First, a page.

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Naturens lov: Slaveri, terror og menneskerettigheder i lyset af Olympe de Gouges’ L’esclavage des nègres, ou l’heureux naufrage (1789)

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The article analyzes Olympe de Gouges’ play L’esclavage des nègres, ou l’heureux naufrage (1789) and focus on its ambiguous concept of a law of nature. I distinguish between an inclusive, universal nature and an exclusive, particular understanding of nature, and aim to demonstrate how this equivocal concept mirrors a continuity between, on the one hand, the Declaration of the Rights of Man and of the Citizen (1789), and, on the other hand, the legislation of Robespierre’s Terror regime. Hence, as opposed to recent works on the human rights of the enlightenment by scholars such as Lynn Hunt and Jonathan Israel, I draw inspiration from Susan Maslan and Dan Edelstein and argue that the human rights of the eighteenth century prove to an unsolved problem of the limits of inclusion. This has important implications for the question of slavery. Instead of arguing an all-out abolition of slavery in the French colonies, Olympe de Gouges promotes an idea of order in the colonies. Basically, the principle of slavery is withheld while the concrete praxis of slavery is criticized.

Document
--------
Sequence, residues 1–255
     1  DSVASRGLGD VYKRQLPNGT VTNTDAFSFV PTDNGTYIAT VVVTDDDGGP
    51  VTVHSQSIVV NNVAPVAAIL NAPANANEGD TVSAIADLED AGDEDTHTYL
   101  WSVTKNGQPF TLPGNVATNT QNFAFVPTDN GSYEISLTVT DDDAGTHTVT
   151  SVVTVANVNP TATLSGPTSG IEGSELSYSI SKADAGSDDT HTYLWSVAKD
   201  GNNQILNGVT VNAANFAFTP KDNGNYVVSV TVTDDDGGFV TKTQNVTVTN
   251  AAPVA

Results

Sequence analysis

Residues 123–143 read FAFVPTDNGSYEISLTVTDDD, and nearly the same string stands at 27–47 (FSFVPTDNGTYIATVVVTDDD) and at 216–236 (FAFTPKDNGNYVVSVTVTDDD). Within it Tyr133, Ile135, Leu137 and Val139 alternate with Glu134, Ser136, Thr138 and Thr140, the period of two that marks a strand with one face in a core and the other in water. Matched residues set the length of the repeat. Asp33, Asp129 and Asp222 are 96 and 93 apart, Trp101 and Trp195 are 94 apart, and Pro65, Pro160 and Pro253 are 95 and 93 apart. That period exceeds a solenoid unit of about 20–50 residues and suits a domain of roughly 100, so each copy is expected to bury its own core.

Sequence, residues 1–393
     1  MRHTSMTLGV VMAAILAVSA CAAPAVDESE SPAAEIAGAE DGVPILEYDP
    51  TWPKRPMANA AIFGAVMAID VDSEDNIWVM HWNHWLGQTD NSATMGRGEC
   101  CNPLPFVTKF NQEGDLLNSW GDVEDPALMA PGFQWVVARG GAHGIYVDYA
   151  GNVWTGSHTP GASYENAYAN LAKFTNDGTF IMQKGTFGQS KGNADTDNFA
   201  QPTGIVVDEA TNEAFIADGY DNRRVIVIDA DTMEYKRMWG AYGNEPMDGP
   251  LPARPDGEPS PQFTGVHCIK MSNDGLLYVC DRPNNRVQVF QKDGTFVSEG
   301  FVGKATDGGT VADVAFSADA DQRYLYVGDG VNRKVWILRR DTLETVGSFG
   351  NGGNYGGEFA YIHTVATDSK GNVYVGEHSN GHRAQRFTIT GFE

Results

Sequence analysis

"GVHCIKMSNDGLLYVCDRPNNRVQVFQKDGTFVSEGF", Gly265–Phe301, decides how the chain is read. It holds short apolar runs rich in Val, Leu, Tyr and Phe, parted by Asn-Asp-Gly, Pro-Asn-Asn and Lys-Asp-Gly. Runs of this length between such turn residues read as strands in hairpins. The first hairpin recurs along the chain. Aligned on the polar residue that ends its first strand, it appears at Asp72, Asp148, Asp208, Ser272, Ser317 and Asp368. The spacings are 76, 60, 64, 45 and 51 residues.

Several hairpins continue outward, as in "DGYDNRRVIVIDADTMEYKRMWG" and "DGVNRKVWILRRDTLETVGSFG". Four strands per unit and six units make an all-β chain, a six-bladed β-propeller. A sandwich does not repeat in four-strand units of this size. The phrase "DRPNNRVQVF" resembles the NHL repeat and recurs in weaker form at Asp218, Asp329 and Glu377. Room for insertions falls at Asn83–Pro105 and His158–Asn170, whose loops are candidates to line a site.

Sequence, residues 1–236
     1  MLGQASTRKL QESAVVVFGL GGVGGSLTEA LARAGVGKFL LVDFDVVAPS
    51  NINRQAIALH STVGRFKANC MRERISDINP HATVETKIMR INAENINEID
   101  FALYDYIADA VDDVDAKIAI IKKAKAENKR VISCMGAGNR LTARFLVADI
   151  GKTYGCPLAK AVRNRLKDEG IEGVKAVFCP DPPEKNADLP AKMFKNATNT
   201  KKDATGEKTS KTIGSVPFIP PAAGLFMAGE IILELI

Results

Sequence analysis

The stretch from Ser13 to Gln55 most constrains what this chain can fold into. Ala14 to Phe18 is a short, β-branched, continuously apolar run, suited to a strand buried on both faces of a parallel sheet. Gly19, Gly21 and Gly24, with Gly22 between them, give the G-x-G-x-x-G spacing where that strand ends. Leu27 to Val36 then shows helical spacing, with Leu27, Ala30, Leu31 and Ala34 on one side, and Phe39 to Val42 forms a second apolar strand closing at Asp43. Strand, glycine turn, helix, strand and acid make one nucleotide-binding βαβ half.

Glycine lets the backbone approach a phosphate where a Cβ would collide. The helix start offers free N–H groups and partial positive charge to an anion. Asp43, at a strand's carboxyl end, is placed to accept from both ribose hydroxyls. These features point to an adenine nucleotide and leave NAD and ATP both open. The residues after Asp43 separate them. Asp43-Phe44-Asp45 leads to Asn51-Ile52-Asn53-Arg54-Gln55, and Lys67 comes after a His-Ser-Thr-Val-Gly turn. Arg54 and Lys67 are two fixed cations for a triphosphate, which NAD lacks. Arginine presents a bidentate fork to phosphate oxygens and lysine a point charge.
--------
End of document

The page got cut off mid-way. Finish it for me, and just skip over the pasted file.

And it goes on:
TidsskriftTidskrift foer Litteraturvetenskap
Sider (fra-til)67-79
Antal sider13
StatusUdgivet - 2013


  • Olympe de Gouges, Slaveri, Menneskerettigheder, Naturbegrebet, Den franske revolution

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